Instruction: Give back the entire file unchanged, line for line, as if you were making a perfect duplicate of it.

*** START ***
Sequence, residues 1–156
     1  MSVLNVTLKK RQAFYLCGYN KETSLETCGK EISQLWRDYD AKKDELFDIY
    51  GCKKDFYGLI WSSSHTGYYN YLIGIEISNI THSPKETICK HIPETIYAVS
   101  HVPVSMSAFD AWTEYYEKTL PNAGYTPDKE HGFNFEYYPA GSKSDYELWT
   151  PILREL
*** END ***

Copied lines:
Sequence, residues 1–156
     1  MSVLNVTLKK RQAFYLCGYN KETSLETCGK EISQLWRDYD AKKDELFDIY
    51  GCKKDFYGLI WSSSHTGYYN YLIGIEISNI THSPKETICK HIPETIYAVS
   101  HVPVSMSAFD AWTEYYEKTL PNAGYTPDKE HGFNFEYYPA GSKSDYELWT
   151  PILREL